You can count on one hand the number of chief executives of large companies who publicly support the legalization of marijuana. The list goes as follows:
John Mackey, co-CEO of Whole Foods Market; Richard Branson of the Virgin Group; billionaire financier George Soros; and Peter Lewis of Progressive Insurance (who was a longtime advocate before passing away in 2013).
Now, there’s a fifth CEO–George Zimmer, founder of Men’s Wearhouse, a company that fired him two years ago. He divulged to CNBC that he’s a cannabis aficionado of sorts.
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“I’ve been smoking marijuana on a regular basis for about 50 years,” Zimmer said to CNBC, before joking, “As you can see, it’s really impacted me in a negative way.”
Zimmer gave the keynote speech Friday at the Cannabis World Congress & Business Expo in Los Angeles, pushing for legalization. “Everybody in the country knows what the truth here is, except the 535 people we elect to make these decisions in Washington, D.C.,” he told attendees. “It’s astounding.”
He’s throwing his support behind an initiative to legalize recreational marijuana in California next year, just as he supported the proposition that failed in 2010. No matter what form legalization might take, Zimmer said, “I think it’s important that we protect limited home cultivation without any government licensing, so whether it’s one plant or 10 plants, I don’t know, but I think that’s very important.”
‘Biggest con ever perpetrated’
George Zimmer, Men’s Wearhouse founder
George Zimmer, Men’s Wearhouse founder
Inside the Los Angeles Convention Center, he was surrounded by a variety of start-ups hoping to cash in on the legal pot craze. Zimmer said he looked into investing in one such company a year ago but decided not to—not least of which had to do with the Internal Revenue Service.
“There are still a lot of questions that are raised in terms of dispensaries, and the way the IRS does not allow normal business deductions.” He’s hoping that could change, and that at the very least, the federal government will remove marijuana from the list of Schedule I drugs.
“It’s treated like it was heroin,” he said. “Everybody’s who is in high school hears that and goes, ‘What are they talking about?'” He said it’s as if “The emperor’s not wearing any clothes. This is the biggest con that has been perpetrated on this country in the last century.”
Back in the menswear business
Marcus Lemonis, host of the CNBC show “The Profit”
Marcus Lemonis disses ‘Uber for tailors’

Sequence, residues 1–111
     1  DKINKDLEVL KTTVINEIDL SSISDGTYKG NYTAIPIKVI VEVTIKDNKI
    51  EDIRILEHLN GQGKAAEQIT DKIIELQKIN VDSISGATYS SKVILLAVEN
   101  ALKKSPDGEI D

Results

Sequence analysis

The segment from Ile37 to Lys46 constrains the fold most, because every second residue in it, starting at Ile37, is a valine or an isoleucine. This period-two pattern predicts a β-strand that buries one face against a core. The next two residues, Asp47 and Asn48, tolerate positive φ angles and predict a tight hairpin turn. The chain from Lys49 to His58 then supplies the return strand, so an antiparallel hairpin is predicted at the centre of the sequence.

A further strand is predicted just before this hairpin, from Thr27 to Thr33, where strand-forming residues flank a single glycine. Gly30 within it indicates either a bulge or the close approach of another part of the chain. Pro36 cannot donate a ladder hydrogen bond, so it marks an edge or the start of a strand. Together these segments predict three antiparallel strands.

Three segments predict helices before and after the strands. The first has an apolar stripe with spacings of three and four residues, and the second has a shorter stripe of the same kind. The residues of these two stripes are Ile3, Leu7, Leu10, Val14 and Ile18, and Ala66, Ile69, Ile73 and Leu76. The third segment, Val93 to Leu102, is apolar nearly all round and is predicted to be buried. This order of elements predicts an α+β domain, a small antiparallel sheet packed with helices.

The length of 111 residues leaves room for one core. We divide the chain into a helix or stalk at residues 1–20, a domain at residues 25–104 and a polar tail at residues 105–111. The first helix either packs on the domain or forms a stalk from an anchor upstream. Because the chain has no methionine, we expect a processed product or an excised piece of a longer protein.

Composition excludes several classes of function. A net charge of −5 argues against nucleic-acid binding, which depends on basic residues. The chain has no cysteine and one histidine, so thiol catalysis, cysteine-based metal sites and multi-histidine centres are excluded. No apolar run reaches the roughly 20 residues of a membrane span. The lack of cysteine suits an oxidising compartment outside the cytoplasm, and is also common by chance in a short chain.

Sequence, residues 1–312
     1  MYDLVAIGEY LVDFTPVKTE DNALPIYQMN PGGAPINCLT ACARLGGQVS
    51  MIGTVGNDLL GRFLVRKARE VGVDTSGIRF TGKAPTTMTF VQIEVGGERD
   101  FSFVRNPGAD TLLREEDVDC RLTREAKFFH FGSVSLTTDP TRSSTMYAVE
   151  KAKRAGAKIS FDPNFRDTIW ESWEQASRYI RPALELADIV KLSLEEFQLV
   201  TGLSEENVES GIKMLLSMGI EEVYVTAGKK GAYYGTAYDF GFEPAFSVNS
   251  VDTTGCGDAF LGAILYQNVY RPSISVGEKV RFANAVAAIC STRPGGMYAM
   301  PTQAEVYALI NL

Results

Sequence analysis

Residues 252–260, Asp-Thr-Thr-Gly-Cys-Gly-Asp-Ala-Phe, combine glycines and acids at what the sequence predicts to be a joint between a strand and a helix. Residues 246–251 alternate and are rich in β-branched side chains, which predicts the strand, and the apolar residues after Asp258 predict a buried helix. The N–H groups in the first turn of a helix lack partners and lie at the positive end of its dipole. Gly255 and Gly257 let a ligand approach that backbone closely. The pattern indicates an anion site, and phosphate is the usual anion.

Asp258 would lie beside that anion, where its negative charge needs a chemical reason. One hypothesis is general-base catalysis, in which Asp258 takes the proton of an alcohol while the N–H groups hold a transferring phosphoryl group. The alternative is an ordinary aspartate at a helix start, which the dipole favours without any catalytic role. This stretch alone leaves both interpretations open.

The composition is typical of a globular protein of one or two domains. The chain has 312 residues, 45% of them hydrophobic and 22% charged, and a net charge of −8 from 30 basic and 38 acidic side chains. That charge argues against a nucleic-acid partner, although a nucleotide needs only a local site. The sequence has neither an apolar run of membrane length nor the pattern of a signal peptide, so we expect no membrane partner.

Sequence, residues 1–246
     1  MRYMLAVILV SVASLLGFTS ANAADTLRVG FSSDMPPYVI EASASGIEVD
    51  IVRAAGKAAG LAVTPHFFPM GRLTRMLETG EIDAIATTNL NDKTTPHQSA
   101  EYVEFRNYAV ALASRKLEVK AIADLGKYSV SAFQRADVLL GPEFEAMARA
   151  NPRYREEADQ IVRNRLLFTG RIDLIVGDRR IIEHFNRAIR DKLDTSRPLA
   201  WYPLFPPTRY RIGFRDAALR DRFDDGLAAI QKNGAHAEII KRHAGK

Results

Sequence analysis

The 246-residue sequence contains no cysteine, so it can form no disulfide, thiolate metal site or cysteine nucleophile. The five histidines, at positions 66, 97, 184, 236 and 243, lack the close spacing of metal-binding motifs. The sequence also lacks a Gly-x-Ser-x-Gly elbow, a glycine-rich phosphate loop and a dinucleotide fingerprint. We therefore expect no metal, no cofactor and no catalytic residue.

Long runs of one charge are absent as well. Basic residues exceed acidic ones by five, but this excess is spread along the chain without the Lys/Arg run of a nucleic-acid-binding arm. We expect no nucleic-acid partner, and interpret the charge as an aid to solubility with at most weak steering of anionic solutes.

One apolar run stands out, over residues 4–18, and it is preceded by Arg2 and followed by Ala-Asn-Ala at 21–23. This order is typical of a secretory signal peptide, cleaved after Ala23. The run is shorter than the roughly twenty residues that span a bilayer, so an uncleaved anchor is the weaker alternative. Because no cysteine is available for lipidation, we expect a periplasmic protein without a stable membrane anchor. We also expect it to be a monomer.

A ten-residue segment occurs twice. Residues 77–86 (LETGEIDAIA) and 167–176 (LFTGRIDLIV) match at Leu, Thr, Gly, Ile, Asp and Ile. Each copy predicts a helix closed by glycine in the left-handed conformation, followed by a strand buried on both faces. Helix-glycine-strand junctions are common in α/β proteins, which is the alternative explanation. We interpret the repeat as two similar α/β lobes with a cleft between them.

Meantime, Zimmer is also back in the men’s apparel business. He just launched an online suit and tuxedo rental site called Generation Tux. With the website, a groom or best man can submit measurements and rent formalwear for as little as $95.
“Our business model involves having the tuxedo arrive a week ahead of your event, and you to try it on. If there’s a mistake, we will FedEx another out to you, and if it’s still not right, we will dispatch a tailor to make it right,” he said. Zimmer has also started a tailoring company called zTailors, and he said both companies cost $50 million to start.
Generation Tux has a distribution center in Louisville, Kentucky, with 30,000 suits and tuxedos, and the company hopes to break even in 2017. If it takes off, Zimmer said they will need to raise more money. So would he ever consider going public again? “I wouldn’t go public if it [was] my call, but I’m not going to stand in the way if other people want to do that,” he said.
Men’s Wearhouse beats 2Q profit forecasts
It’s understandable. His ouster from Men’s Wearhouse was not pretty. Zimmer recalls having dinner with his family the night he was forced out. “It was a sort of uncomfortable quietness at the table,” he said.
“I said to my children, who were probably 10 and 12, I said, ‘Hey, look, Dad got fired,” he said. “It’s not going to mean anything to our lives, but I want you to understand that in life you’re going to have these adversities, and you have to overcome them, you have to learn to overcome all adversity in fact.”
Zimmer also said being fired was “probably the greatest thing that ever happened to me.” It forced him to learn about the latest technological developments in retail, which led to his new businesses.
“My best advice is, ‘You only lose if you don’t get back up off the ground. Every time you get back up, you win,” he said.